My grandparents were called to war; I am called to sit on the couch and watch Moving Parts
Moving Parts is a documentary you can watch in installments, which is how I watch most shows. It charts drag queen and folk recording artist Trixie Mattel’s semi-interesting life as an entertainer. What I love about Trixie is that she makes the most of what she’s given. She seems fully aware that Shangela should have won Rupaul’s Drag Race All Stars 3, but did it stop her from starring in a documentary about her experiences in that season and the difficulties of what looks like a mildly successful tour? No, it did not.

Moving Parts is also a film about her friendship with the great Katya, although it only skirts around that subject. That’s probably because Katya might steal the film, which is fine because Trixie doesn’t seem like the kind of person who would mind fading in the background in a documentary about her life. I can relate with that okayness with being upstaged, but only if it’s to deserving queens like Katya.

Fun fact: Like Trixie Mattel, I, too, was called ‘Trixie’ by relatives who thought it clever to feminize Patrick as a way to torment me when I was revealed to be gay at age 7 or 8 or 9 (I can’t remember). This was in the ‘90s, a time that I like to think of as the golden age (in the history of my life) of people being homophobic and unapologetic about it. This may come as a shock, but there was a time when homophobia was as natural as disease. The feminization of my name was a result of getting caught trying on my cousin’s gown. I, too, had the makings of a drag queen. Sometimes, I think about what direction my life would have taken if, instead of being shamed for getting caught trying on my cousin’s gown, I was celebrated and motivated to dress up in girls’ clothes and championed by relatives instead of being mocked and called Trixie.

As it happens, there are many ways to feminize Patrick: Patricia, Patrixie (which was used by some of my dumb cousins and aunts and uncles), Trixie, and Tricia. This essay is a call to stop feminizing “Patrick” to torment little gay boys in Pasay and everywhere else.

My grandparents were called to war; I am called to sit on the couch…

Wanderlust

Those of us who can still afford a Netflix or Amazon Prime subscriptions are lucky not just because we still have money to pay for an incredible luxury like Netflix but because, according to some people who believe they’re clever, all we’re called upon to do is to sit on the couch and watch Netflix during this distressing time.

Watching TV is not my favorite thing to do, but I watch TV often enough — while having lunch or dinner at home and to watch the mandatory weekly movie — to not qualify as a non-TV-watcher like Jonathan Franzen who is proud to proclaim that he doesn’t watch or own a TV. Good for him, but I doubt if that’s still true.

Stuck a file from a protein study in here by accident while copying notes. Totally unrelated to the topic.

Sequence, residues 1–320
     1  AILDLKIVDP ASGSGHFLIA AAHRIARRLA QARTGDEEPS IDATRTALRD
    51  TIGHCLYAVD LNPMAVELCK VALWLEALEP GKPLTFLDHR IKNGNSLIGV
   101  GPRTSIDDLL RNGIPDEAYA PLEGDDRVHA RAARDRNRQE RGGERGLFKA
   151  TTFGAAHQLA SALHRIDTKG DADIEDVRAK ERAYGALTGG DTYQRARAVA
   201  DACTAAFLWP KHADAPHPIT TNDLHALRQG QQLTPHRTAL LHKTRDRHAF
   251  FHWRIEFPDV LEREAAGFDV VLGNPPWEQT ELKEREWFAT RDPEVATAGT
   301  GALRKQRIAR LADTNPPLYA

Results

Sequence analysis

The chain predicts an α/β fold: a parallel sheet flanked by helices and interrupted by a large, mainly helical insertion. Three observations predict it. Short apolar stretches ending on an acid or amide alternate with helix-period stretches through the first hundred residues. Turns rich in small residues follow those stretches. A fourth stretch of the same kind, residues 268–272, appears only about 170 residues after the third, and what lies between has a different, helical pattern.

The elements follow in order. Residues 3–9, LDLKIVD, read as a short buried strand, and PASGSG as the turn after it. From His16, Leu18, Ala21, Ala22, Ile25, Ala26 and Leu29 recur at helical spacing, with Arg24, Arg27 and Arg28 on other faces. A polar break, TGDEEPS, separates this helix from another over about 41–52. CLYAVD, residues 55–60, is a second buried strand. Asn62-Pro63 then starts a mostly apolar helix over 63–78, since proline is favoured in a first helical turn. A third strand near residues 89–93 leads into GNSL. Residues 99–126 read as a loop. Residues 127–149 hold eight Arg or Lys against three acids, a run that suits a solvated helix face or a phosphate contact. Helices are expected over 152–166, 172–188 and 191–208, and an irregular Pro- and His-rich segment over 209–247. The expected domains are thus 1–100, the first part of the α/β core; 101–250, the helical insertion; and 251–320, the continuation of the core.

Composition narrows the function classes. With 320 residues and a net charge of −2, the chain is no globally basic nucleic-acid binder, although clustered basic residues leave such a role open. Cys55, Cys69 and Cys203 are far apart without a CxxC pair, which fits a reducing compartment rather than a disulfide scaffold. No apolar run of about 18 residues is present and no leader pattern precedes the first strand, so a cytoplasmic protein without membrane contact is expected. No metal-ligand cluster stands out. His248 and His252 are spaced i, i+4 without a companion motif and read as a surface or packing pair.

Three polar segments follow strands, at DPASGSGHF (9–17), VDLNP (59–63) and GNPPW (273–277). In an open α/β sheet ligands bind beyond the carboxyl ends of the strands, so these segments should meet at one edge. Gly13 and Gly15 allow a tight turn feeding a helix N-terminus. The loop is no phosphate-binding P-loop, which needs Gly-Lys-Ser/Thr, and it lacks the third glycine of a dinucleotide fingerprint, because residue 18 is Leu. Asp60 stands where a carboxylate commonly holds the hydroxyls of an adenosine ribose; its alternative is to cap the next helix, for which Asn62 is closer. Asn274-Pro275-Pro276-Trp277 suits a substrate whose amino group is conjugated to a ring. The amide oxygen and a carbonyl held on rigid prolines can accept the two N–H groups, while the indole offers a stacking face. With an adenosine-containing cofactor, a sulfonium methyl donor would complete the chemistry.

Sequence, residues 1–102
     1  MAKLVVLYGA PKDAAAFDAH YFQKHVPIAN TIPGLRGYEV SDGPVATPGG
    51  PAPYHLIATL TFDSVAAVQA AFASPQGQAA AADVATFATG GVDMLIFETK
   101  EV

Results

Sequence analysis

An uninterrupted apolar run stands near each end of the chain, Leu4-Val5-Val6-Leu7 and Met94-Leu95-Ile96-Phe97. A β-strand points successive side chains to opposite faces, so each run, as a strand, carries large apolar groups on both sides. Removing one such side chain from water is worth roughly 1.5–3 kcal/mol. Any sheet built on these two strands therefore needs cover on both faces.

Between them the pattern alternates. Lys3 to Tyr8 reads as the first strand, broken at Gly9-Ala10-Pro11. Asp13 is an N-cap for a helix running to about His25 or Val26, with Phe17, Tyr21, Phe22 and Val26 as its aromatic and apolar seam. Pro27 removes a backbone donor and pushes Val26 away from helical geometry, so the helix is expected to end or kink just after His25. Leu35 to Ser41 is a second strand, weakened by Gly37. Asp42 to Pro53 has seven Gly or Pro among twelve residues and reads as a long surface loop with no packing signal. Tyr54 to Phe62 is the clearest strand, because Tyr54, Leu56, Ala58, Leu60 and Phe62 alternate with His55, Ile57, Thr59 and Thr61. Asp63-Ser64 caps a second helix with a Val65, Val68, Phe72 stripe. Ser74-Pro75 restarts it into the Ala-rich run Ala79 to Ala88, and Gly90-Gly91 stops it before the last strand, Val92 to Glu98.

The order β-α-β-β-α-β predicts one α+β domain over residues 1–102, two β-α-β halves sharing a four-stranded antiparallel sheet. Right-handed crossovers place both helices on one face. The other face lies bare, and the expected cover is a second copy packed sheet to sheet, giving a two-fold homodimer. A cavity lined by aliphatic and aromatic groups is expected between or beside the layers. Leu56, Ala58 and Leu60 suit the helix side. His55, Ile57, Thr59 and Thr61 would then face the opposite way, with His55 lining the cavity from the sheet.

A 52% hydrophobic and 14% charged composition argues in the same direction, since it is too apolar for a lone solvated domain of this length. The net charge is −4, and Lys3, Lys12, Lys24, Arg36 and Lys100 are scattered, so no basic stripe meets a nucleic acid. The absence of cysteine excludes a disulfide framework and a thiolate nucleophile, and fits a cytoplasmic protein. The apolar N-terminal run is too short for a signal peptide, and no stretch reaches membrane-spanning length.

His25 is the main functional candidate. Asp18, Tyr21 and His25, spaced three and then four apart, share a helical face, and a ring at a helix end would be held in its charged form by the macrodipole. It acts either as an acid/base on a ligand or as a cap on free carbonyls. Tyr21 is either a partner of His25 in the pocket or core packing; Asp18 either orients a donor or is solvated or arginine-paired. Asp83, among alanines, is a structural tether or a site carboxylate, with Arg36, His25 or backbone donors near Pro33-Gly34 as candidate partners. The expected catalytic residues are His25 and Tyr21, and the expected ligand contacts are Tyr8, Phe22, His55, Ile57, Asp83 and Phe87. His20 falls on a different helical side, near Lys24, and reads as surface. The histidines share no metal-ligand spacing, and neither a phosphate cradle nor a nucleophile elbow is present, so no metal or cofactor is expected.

The pull of the couch is indeed very strong in these strange times. I’d rather read, but lately I find that every other marvelous sentence of Eve Babitz’s that I read is interrupted by thoughts of buying next week’s groceries, health issues, and the bleak future. TV shows don’t demand my complete attention, so it has become, a more practical way to pass the time and forget about life for just a moment.

So, in the next few days, I’ll try to write reports of my TV-watching duties that I am being called on to do.

Wanderlust
This is an edgy British sex comedy series about a couple, a female psychiatrist (Toni Collette) and her husband, who have lost the desire to have sex with each other. Other characters include their son who babbles about Jonathan Franzen to a girl he likes at school and the couple’s respective fuck buddies.

Toni Collette’s face on the title card made me watch this, so congrats to Toni Collette for earning my view. I’m never sure if I could finish an entire TV series because there are just so many and I am drowning. Also, I’m in my mid-thirties so I already have favorite shows that I turn to again and again for comfort.

For me, Wanderlust is quite similar to the brilliant Sex Education, but with adults, front and center. I didn’t think I’d finish watching the entire episode because I thought it was trying too hard to be cringey (e.g., the Toni character getting caught JO-ing by his son) and the random quirky characters (like the son) and his friends seem random and written to up the cringe.

It started to win me over in the scene where one of the psychiatrist’s clients was very incoherently yet valiantly trying to explain why and how he and his wife have ended at the therapist’s couch. “Mop up all the semen” also made me laugh.

The episode concludes with Toni and husband confessing their acts of infidelity, leading to their mutual agreement to sleep with other people as a way to keep their marriage intact. The end.

The rest of the five episodes could be as quirk-filled and may contain some hilarious dialogue, but I think the pilot episode could stand on its own, and if I never watch another episode again, I’ll be fine. I feel it has already made a point and Toni Collette was a delight to watch, so that was time well spent.

Up next:
Born Beautiful
Darkest Hour
Moving Parts